The worst closer the Red Sox ever had, Heathcliff Slocumb, had finally been dealt in 1997. While he was traded for two unknowns named Jason Varitek and Derek Lowe (a whole other column in itself), the Nation was both ecstatic and relieved just to hear he was out of town for good. I happened to know where the trade had spit him out, and to my delight on that fateful afternoon at the ballyard, he popped up in the most glorious of places: the Seattle bullpen.

With the bleachers almost barren he was fortunate enough to have one obnoxious little 14-year old boldly reminiscing about days past while he attempted to get loose on a brisk April afternoon turning to dusk.

To this day I still don’t know why Lou Piniella made the decision to bring Slocumb in for the ninth. But if Sweet Lou is anything, he’s a manager who’s not afraid to throw a player to the wolves if he feels like he’ll learn something from it. He probably calculated that a five-run lead at Fenway on Opening Day was the perfect combination of leeway and pending-disaster for him to get a legitimate look at his new “closer”.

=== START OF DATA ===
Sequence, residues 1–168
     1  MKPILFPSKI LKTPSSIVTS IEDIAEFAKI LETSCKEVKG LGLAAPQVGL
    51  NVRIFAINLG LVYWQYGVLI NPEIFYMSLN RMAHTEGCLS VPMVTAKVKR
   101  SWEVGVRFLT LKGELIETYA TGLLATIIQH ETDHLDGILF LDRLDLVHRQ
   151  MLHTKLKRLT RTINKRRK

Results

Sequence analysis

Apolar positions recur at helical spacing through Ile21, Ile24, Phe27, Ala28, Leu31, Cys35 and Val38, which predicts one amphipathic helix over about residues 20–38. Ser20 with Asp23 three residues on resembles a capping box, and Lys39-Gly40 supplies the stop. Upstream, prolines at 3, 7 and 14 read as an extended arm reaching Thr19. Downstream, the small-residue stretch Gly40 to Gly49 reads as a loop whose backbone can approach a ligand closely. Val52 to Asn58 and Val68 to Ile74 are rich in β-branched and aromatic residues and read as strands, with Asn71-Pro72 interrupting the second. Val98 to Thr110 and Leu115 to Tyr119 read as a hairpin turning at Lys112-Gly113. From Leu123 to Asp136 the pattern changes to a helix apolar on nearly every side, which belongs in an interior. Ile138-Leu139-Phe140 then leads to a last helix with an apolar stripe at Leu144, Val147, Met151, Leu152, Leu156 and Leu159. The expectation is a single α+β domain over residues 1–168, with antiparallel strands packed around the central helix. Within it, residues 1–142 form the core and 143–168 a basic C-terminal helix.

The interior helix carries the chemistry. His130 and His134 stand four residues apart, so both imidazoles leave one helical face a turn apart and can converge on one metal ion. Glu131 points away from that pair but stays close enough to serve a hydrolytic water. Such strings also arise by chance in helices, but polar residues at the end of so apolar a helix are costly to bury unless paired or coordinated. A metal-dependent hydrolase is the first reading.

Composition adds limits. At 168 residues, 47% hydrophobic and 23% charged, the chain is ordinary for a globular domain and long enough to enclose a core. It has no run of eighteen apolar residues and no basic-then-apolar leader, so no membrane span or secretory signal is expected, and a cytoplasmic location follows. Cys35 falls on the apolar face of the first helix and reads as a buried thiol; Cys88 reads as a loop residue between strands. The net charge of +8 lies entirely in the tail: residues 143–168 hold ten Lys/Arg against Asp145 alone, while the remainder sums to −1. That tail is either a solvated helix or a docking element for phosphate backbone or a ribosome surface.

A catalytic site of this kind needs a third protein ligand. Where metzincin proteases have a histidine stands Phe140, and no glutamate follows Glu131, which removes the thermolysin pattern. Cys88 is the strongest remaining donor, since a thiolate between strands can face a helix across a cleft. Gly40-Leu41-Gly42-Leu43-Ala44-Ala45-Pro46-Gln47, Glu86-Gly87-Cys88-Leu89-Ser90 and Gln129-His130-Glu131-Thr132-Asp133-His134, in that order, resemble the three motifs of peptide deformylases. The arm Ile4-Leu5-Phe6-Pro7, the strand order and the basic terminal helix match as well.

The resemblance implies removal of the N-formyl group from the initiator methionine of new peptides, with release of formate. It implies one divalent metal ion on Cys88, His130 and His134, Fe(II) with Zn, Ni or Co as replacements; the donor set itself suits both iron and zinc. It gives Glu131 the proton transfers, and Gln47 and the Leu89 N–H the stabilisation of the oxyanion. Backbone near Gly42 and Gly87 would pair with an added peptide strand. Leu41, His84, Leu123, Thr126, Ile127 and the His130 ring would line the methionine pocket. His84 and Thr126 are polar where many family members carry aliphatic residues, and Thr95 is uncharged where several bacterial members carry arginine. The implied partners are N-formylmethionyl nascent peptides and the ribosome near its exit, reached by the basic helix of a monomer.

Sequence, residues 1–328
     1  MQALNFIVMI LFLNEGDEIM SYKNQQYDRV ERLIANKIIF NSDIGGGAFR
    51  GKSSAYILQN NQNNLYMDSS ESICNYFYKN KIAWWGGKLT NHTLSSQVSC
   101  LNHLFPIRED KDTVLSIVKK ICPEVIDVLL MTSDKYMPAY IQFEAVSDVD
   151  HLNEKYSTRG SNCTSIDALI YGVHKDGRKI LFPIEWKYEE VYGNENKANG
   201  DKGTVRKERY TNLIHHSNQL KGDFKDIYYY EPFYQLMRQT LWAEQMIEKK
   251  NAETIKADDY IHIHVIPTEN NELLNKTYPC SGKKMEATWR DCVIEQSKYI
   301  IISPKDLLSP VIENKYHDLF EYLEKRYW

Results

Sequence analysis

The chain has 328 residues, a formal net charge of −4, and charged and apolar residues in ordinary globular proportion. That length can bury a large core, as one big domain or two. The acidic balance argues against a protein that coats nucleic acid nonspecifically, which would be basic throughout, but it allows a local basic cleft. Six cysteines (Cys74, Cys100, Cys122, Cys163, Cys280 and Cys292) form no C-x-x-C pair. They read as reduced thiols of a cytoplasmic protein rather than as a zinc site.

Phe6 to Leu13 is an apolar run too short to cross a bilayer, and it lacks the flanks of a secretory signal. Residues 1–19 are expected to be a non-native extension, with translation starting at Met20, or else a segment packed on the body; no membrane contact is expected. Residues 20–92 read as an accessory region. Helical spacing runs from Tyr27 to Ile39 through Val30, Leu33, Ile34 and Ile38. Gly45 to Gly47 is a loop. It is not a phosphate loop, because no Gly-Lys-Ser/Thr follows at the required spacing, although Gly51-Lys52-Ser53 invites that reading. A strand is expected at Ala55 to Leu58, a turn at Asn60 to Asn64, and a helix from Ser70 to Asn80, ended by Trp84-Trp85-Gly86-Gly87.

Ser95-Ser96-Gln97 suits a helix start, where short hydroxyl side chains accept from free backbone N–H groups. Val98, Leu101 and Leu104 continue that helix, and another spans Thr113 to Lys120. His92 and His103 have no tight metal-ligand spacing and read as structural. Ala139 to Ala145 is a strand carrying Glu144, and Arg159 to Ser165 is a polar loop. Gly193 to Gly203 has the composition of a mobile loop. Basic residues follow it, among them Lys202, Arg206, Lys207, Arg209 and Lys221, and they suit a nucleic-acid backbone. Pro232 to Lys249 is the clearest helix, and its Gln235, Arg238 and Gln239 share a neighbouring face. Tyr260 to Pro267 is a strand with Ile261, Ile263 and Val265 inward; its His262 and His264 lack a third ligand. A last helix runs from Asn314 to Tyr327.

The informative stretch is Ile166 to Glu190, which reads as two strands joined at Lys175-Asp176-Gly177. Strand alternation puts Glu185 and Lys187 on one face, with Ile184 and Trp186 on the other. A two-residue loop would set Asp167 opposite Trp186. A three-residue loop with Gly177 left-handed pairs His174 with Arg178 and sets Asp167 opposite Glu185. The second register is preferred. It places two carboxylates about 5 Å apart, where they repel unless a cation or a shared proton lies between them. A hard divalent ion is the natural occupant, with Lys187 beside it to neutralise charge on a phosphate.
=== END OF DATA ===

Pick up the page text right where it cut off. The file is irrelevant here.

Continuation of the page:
What resulted was a complete catastrophe as Slocumb took the mound with no control and even less composure. He scattered a few singles around a few hit batsmen without recording an out. I’m pretty sure he hit Nomar to force in a run, making the game 7-5 with still nobody out and Mo Vaughn on deck. By this time the undersized concourses and slim alleyways were more populated than the cramped seats in the old ballpark. People were literally trying to cram their way back in.

Lou then pulled the plug on Heathcliff (and his career). He summoned Paul Spoljaric who promptly gave up a mammoth-walk off grand slam to the “Hit Dawg”, which soared over my left shoulder and disappeared into the right field grandstands.